Graded on a Curve:
The Stone Roses,
The Stone Roses

As a famous man (I think it was Geoffrey Chaucer) once said, time waits for no man. And in the case of Manchester’s The Stone Roses, the five long years that passed between this, their massively popular 1989 debut, and 1994’s Second Coming were fatal. Come Second Coming baggy pants and bucket hats were passe, and Britpop ruled England’s green and pleasant land.

Those five years may have been piddling compared to the 14 years that elapsed between Guns N’ Roses’ The Spaghetti Incident and Chinese Democracy, but those five years they were an eternity–during the same time span The Beatles went from Meet the Beatles to Abbey Road.

The Stone Roses’ half-decade of silence stemmed form a variety of issues, the most important of which was a protracted effort to sever ties with their record label, but it doesn’t much matter. In his poem “The Second Coming” (sound familiar?) William Butler Yeats foresaw a rough beast slouching towards Bethlehem, waiting to be born. The Stone Roses’ follow-up didn’t so much slouch towards the record stores as crawl, and by the time it arrived Engand’s notoriously fickle trend watchers had long since written them off.

None of which detracts from the fact that The Stone Roses is one killer LP. The album’s rave-friendly dance rhythms and hypnotic grooves would seem to put The Stone Roses in the same category as fellow Mancunians the Happy Mondays, but they took it the extra yard by fusing said dance rhythms with the Happy Daze psychedelic guitar sounds of the mid to late ‘60s. Like the Happy Mondays, The Stone Roses produced dance music, but they could rock the arenas as well.

The Stone Roses is the work of a band with a very high estimation of its talents. Ian Brown doesn’t want you to adore hem, he expects it as his proper due. He also proclaims himself the resurrection and the light, and for all I know rolled away the stone on the third day, dusted Kangol hat, and showed up for an interview with Channel 4 to promote the band’s latest festival gig.

The Stone Roses’ self-adulation was understandable–their debut remains one of the finest albums to emerge from Manchester’s burgeoning music scene. Aside from the blessedly brief “Elizabeth My Dear,” a shameless “Parsley, Sage, Rosemary and Thyme” rip that makes me want to hurl myself from the proverbial bridge over troubled waters, there isn’t an bum track in the bunch.

“I Wanna Be Adored” is pure psychedelic pomp pip with power chords tossed in. Both “I Am the Resurrection” and “This Is the One” are supersized dance anthems, while the appropriately titled “She Bangs the Drums” sets a powerful rhythm section to a chorus that will make you swoon. As for the hushed “Waterfall,” it makes for the perfect comedown from a night of e’s and whizz–wake up sleepy head, it’s lovely out there.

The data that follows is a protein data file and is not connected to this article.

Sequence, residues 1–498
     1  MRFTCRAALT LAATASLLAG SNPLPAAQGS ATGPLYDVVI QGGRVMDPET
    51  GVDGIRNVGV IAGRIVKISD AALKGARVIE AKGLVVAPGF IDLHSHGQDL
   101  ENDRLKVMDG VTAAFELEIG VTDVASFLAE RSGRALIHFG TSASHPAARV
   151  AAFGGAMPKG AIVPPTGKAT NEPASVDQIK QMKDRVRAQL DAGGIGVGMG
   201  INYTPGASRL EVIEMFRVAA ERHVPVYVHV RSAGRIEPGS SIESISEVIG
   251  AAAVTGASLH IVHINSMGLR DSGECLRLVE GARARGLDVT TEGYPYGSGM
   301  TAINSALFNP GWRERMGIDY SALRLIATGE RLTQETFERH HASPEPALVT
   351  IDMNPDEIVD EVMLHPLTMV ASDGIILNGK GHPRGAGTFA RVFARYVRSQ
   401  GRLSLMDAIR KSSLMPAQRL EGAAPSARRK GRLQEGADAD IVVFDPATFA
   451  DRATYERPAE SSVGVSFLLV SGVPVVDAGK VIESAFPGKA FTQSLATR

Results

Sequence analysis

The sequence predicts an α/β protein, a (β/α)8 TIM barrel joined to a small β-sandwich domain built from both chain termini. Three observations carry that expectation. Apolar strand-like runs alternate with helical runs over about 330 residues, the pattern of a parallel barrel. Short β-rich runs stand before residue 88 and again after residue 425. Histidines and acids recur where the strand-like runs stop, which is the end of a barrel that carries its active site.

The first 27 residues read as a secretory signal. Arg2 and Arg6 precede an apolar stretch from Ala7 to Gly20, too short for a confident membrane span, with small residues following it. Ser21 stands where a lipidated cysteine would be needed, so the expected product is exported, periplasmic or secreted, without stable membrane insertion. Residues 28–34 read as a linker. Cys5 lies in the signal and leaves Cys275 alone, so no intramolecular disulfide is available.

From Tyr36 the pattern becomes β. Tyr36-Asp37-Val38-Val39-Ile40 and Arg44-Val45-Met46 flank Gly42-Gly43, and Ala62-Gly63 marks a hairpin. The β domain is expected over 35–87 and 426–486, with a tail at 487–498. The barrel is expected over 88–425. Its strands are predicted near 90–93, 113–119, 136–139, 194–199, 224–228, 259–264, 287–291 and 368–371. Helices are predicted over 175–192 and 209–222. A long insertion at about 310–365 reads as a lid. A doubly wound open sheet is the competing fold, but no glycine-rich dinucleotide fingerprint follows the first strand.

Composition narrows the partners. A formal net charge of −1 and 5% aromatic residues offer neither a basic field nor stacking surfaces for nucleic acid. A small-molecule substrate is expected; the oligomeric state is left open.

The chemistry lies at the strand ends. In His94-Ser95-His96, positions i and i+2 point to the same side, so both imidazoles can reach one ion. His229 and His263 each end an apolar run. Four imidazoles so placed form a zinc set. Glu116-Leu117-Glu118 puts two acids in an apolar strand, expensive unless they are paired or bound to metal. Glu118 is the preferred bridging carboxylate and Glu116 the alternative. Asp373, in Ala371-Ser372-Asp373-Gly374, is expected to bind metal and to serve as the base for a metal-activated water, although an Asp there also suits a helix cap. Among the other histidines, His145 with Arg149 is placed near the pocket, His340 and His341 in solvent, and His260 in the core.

“Don’t Stop” is “Tomorrow Never Knows” set to a big rave beat; “(Song for My) Sugar Spun Sister” is a slice of uncut euphoria that brings to mind Jesus and the Mary Chain. “Made of Stone” is every bit as delirious-making as “I Am the Resurrection,” and boasts some ace guitar work by Jon Squire as well.

It may seem a paradox that Second Coming charted higher than the band’s debut. But don’t be mistaken; The Stone Roses missed the boat, and everyone attuned to the cultural Zeitgeist knew it. Had another LP come out sooner The Stone Roses might have cemented their rep and perhaps made inroads to the elusive American market.

As the English music critic Simon Reynolds sagely observed, “divorced from the cultural moment that gave them meaning, [the Stone Roses} were now just another band.” As it says in the bible, “Pride goeth before the fall, and don’t wait five years to put out your second album you thick shites.”

GRADED ON A CURVE:
A

This entry was posted in The TVD Storefront. Bookmark the permalink. Trackbacks are closed, but you can post a comment.
  • SUPPORTING YOUR LOCAL INDIE SHOPS SINCE 2007


  • Alternative Text Alternative Text Alternative Text Alternative Text Alternative Text Alternative Text Alternative Text Alternative Text Alternative Text Alternative Text Alternative Text Alternative Text Alternative Text Alternative Text Alternative Text Alternative Text Alternative Text Alternative Text
  • Alternative Text Alternative Text Alternative Text Alternative Text Alternative Text Alternative Text Alternative Text Alternative Text Alternative Text Alternative Text Alternative Text Alternative Text Alternative Text Alternative Text Alternative Text Alternative Text Alternative Text Alternative Text Alternative Text Alternative Text Alternative Text Alternative Text